SmartWay Certified Retread Tires for Car Transport

Automobile transport drivers conducting car shipping services for an American car transporter that have been dreaming of a low-rolling-resistance, fuel-efficient retreaded tire that has been certified by the United States Environmental Protection Agency’s SmartWay program might be able to stop dreaming in a few months time. Car movers need only look at the United States Environmental Protection Agency’s list of low-rolling-resistance, fuel-efficient tires will tell you that there are no retreads on the list at the present moment. This could change by sometime in 2011, now that the interest in getting retreaded tires onto the SmartWay list, has apparently increased sufficiently to get the ball rolling, according to the latest sources.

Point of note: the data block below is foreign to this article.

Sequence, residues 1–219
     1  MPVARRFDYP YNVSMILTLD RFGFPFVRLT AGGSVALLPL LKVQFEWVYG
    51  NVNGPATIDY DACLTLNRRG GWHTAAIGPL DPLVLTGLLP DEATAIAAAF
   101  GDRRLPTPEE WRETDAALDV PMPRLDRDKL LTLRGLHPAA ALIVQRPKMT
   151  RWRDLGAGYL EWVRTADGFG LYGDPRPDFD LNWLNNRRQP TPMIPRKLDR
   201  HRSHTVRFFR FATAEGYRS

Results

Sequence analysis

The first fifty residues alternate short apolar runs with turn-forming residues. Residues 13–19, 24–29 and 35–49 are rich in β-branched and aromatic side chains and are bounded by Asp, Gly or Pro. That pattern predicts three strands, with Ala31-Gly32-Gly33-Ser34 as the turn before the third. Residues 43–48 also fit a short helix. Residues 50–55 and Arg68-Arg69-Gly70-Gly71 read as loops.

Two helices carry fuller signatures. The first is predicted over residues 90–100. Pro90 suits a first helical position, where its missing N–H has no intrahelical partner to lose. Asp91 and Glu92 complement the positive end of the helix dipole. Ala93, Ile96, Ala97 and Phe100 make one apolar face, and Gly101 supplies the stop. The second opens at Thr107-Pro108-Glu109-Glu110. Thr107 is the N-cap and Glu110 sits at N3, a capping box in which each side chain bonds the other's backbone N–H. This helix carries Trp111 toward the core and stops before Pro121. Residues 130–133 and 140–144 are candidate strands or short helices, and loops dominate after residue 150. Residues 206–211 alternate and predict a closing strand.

Why aren’t retreaded tires on the United States Environmental Protection Agency’s SmartWay list already? Sources around the car hauling industry indicate that the Environmental Protection Agency could be having a little trouble finding away to quantify the relative fuel efficiency of a retreaded tire, which is a two-part system. That casing and treads are designed to work together, but the variables involved in testing makes it difficult to objectively quantify the measurements obtained during the tests. The Environmental Protection Agency therefore had the tire manufacturers of America work together on developing a system to help the Environmental Protection Agency sort through the multitude of treads and casings on the market that could conceivably one day become a single retreaded tire.

These could be just the beginning of the challenges in front of the desire to get retreaded tires onto the Environmental Protection Agency’s SmartWay program though as there could also be problems classifying retreaded tires within the current contest of the SmartWay program. Do you measure the casing or the tread and how do you measure the rolling resistance contribution of the tread and the casings? Every retreaded tire is going to be a unique product because of the history of the casing of the tire in question and this is going to make it extremely difficult to measure the rolling resistance values for each casing.